The purpose of the Twelve Lights League is to TeLL or inform the American public about an optimistic campaign – to restore America the beautiful under God and the written Constitution.  We would wage this campaign of hope under the banner of one arch-amendment to the U.S. Constitution, an interlocking unit of comprehensive reforms organized into a total of twelve sections.

To conduct this campaign, TeLL proposes the book, Treatise on Twelve Lights.   This interactive book is available on computer disk by donating to TeLL.  The book is also accessible online at no charge.  Please click here, or on the icon to your right, for free internet access to the book's full text.


The creation of the United States, and of its highest law, took place in ways that will help light our path.  To illuminate that path, citizens can reflect on two watersheds in our national origins.

            First, on June 7, 1776, Richard Henry Lee of Virginia introduced into the continental congress a motion for independence from the British Empire.  John Adams of Massachusetts seconded the motion.  As elaborated and later enacted into law, it remains well known to students around the world as the U.S. Declaration of Independence.

            The interactive book before you emulates, or rather imitates this approach of 1776.  Lee’s motion to the continental congress sought to sever the thirteen colonies from a regime that had metamorphosed into tyranny.  Similarly, Treatise on Twelve Lights is a motion or plan for setting the USA free from postmodernist forms of tyranny, which came slouching forth like Leviathan during the era that followed the  Kennedy assassination.  

            Lee's motion of 23 decades ago was intended to restore what Jefferson, the prime author of the Declaration, called the most valuable of all freedoms – the freedom of a people to be self-governing.  Likewise, we the people of the United States must rise once again to a very considerable challenge.  Our task is to restore genuine self-governance under God and the written Constitution.

            Second, from the standpoint of the U.S. Constitutional Convention at Philadelphia:  Its historic proceedings offer a paradigm for our own approach.  The U.S. Constitution grew out of a plan drawn up by Professor George Wythe, a teacher in his early sixties, together with six fellow citizens from the state of Virginia.  In May, 1787, prior to being sworn in as delegates, they put together a document which subsequently they submitted to the Constitutional Convention.  In June that informal prototype – known to history as the Virginia Plan – was taken up as the Convention's agenda after Edmund Randolph proposed it from the floor.  Throughout that Summer the delegates molded, modified, and elaborated the Virginia Plan into the document that the states would be asked to ratify.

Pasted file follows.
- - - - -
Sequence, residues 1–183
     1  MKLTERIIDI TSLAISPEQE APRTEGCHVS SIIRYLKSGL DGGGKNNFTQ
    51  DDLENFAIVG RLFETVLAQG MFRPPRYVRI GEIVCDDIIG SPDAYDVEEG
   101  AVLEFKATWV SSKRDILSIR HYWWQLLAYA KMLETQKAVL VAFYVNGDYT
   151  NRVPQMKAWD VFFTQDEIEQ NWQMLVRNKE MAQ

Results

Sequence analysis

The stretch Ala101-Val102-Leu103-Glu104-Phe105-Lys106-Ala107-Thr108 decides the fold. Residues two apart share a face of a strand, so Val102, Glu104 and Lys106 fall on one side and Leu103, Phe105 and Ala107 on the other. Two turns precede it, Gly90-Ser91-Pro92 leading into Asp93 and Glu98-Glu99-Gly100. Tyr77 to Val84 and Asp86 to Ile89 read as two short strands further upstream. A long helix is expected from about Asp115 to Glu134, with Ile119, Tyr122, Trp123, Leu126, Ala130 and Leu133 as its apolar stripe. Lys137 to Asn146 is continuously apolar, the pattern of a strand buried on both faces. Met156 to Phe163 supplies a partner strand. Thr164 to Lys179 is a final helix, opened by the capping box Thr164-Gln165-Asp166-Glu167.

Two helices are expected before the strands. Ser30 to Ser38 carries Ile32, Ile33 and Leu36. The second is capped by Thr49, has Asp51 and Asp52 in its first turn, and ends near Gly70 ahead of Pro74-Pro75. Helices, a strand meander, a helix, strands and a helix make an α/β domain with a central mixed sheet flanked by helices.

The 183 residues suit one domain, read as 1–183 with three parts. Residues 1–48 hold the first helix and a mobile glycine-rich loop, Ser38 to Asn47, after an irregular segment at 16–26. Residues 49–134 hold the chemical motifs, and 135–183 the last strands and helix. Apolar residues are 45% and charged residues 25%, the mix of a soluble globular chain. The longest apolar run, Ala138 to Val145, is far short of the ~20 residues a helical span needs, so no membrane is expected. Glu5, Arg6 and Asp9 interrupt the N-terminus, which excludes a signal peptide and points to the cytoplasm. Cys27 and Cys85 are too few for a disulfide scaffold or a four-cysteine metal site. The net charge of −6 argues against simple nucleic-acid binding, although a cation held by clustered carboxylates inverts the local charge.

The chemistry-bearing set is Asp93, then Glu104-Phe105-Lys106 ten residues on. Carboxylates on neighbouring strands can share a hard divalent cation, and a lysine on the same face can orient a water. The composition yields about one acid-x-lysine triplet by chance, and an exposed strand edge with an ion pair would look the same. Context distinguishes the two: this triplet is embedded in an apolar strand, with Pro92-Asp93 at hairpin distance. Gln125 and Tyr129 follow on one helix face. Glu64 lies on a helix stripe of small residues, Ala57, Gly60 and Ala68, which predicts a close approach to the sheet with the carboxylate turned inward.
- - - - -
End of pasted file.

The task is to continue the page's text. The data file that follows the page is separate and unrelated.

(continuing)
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            In less illustrious but somewhat parallel fashion, a longtime teacher in the state of Washington, also in his sixties, has composed a prototype arch-amendment to which this book is keyed.  Proposed from what might be termed the floor of the great parliament of public opinion, it is offered as the agenda for what the U.S. Constitution (Fifth Article) terms a “convention for proposing Amendments.” 

            Unlike the Virginia Plan, however, written in less than a month, the composition of the proposed twelve lights law was over the course of 33 years.  

            A point in common is that the Virginia Plan was neither a decree nor an edict forced down the throats of an unwilling population, but rather a motion to which the governed consented.  Likewise what the proposed constellation law sets forth here is manifestly not an amendment of the Constitution by adjudication; i.e. by the form of usurpation, sans consent of the governed, that has become infamous in our own time.  Nor is it proposed as a bill to be enacted by career politicians, but rather via that temporary assembly of citizens for which the Framers provided.  The Article V convention would then propose their arch-amendment to the states for ratification.

            Note that the Convention of 1787 proceeded in much the same way.  It was a temporary citizen assembly, and it let ad hoc ratifying conventions elected in the states decide whether radically to upgrade our first national constitution, the Articles of Confederation.

             With such democratic precedents to illuminate our steps; and with that motivating virtue, hope, spurring us to better the future; may the Twelve Lights League (TeLL) help restore the reality in the opening words of the U.S. Constitution: 

"We the People"